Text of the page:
Joshua 5:13-14

‘“Are you for us, or for our adversaries?” He said, “No”’

We need to realise that we’re living in an epic, but we’re not the hero. However, it’s the greatest epic that’s ever been told, has the greatest Hero ever known, and He’s commissioned us into His service. That’s what God’s reminding Joshua of here. We need reminding. If we play our role the end has already been written and it’s heavenly. This is a glorious and encouraging truth.

Several hundred years earlier God had said to Joshua’s ancestor Abraham that his descendants would become ‘“a great nation”’(Genesis 12:2), and be given the ‘“land”’(Genesis 12:7) of Canaan. The plan was that from this base all branches of humanity would ‘“be blessed”’(Genesis 12:3).

Abraham’s descendants had expanded in Egypt, then been brought out by Moses on God’s initiative at the Exodus: ‘“I will send you to Pharaoh, that you may bring my people, the children of Israel, out of Egypt”’(Exodus 3:10). Now God had appointed Joshua as Moses successor: ‘“Take Joshua the son on Nun, a man in whom is the Spirit”’(Numbers 27:18). So here stood Joshua, poised to lead Israel into their Promised Land. Suddenly a mysterious figure appeared, ‘with his sword drawn in his hand. Joshua went to him, and said to him, “Are you for us, or for our adversaries?” He said, “No; but I have come now as commander of Yahweh’s army.”’(Joshua 5:13-14)

This confronted Joshua with two startling realities. Firstly, it’s totally inappropriate to ask whether God is on our side. God is not on anyone’s side in that sense, as if He joins in our plans; no, we are caught up in the purposes of God. Secondly, we are in the purposes of God, Who is with us – Epic!

Joshua wasn’t slow to realise that this was a manifestation of God Himself, in human form. He ‘fell on his face to the earth, and worshipped, and said to him, “What does my lord say to his servant?”’(Joshua 5:14). The figure’s response confirmed Joshua’s understanding of the situation, echoing God’s words to Moses from the burning ‘bush’(Exodus 3:4), and accepting his worship, unlike an ‘angel’(Revelation 22:8) under similar circumstances elsewhere. When we realise that we’ve been invited into God’s purposes, which is true for all believers, our response should be the same, worship and enquiry as to our role: ‘“What does my lord say to his servant?”’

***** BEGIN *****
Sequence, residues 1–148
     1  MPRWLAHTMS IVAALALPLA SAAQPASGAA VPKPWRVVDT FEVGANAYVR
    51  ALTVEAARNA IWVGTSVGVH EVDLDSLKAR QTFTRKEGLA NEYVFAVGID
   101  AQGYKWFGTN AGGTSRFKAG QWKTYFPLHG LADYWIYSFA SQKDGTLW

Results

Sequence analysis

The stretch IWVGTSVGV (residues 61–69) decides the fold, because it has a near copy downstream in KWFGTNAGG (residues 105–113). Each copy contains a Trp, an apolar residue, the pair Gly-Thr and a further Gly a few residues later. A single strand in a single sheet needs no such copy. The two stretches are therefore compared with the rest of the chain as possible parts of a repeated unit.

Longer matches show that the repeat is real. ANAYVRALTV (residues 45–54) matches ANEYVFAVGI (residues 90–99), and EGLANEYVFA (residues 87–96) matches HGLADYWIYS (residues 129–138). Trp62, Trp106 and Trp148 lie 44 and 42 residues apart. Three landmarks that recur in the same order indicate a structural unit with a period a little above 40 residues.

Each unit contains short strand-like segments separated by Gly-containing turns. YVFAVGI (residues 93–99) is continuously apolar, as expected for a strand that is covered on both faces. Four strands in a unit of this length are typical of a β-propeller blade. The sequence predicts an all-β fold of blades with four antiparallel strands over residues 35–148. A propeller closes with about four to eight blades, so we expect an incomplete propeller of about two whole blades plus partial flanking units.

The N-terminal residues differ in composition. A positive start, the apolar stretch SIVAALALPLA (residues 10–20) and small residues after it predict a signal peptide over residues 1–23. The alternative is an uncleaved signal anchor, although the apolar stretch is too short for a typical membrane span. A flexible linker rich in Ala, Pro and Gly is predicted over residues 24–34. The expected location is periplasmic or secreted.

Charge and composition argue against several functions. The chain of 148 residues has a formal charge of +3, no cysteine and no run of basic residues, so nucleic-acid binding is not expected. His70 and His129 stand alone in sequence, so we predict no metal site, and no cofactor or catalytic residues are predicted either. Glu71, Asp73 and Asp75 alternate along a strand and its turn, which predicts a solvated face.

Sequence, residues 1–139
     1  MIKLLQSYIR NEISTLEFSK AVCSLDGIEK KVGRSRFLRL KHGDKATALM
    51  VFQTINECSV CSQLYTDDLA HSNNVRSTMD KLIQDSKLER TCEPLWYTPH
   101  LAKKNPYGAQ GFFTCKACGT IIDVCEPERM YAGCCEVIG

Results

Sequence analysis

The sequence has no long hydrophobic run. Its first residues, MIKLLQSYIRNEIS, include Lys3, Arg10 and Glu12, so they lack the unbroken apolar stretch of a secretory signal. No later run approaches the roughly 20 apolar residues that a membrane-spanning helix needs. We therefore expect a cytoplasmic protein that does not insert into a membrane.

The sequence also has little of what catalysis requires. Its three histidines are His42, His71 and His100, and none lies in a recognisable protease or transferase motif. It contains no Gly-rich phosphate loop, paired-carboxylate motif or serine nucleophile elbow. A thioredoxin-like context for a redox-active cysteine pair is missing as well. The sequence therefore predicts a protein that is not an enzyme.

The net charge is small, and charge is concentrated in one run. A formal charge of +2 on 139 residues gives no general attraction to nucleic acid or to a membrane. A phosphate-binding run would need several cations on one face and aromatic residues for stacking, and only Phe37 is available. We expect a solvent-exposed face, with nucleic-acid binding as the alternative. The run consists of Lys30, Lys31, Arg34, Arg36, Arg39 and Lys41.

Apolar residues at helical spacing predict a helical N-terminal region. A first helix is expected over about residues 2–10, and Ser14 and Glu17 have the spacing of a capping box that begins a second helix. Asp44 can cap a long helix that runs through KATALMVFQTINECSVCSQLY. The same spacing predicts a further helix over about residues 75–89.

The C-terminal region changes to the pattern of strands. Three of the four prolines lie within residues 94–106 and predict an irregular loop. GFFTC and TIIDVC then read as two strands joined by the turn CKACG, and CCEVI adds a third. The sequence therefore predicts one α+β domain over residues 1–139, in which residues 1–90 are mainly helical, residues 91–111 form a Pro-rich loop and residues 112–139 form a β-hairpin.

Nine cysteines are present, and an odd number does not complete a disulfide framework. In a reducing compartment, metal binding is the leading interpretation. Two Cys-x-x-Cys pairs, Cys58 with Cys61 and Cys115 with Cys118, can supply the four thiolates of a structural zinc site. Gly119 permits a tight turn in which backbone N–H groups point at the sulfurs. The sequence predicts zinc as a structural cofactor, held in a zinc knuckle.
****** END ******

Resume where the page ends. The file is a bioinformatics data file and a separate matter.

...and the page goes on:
The answer to that question is partly a general one that applies to us all, such as, ‘“Go, and make disciples of all nations… even to the end of the age”’(Matthew 28:19-20) and ‘He has shown you, O man, what is good. What does Yahweh require of you, but to act justly, to love mercy, and to walk humbly with your God?’(Micah 6:8) – a general epic overview and code of conduct. However, we must also enquire and discern regarding our individual personal roles in this story, always accompanied by the prayer, ‘“‘your will be done’”’(Matthew 6:10) – not our will be done!

The answer might seem like an odd path, even going round in circles, as with Joshua’s next task. It might be dictated by circumstance, as with Esther. It might be revealed by specific promptings, as with Paul’s team in Acts 16:6-10.

Whatever our role, once discerned, as with all of the examples above, courageous determination is then required, even in the face of ‘adversaries’(Luke 13:17). This is greatly helped by knowing that God has set us to pursue the course that we’re following, as Joshua was being reminded of here, and as he’d been reminded of earlier, ‘“Be strong and courageous; for you shall cause this people to inherit the land which I swore to their fathers to give them… Haven’t I commanded you? Be strong and courageous. Don’t be afraid, neither be dismayed: for Yahweh your God is with you”’(Joshua 1:6-9).

Unlike Joshua, in our New Testament Age, ‘though we walk in the flesh, we don’t wage war according to the flesh; for the weapons of our warfare are not of the flesh, but mighty before God to the throwing down of strongholds, throwing down imaginations and every high thing that is exalted against the knowledge of God’(2 Corinthians 10:3-5). In this we’re to deploy ‘the whole armor of God’(Ephesians 6:11&13), especially, ‘the sword of the Spirit, which is the word of God’(Ephesians 6:17), which ‘is living, and active, and sharper than any two-edged sword, and piercing’(Hebrews 4:12), ‘the power of God for salvation for everyone who believes’(Romans 1:16).

Then when battle is done, we’ll enter the ultimate fulfilment of the Promised Land, ‘a better country, that is, a heavenly one.’(Hebrews 11:16)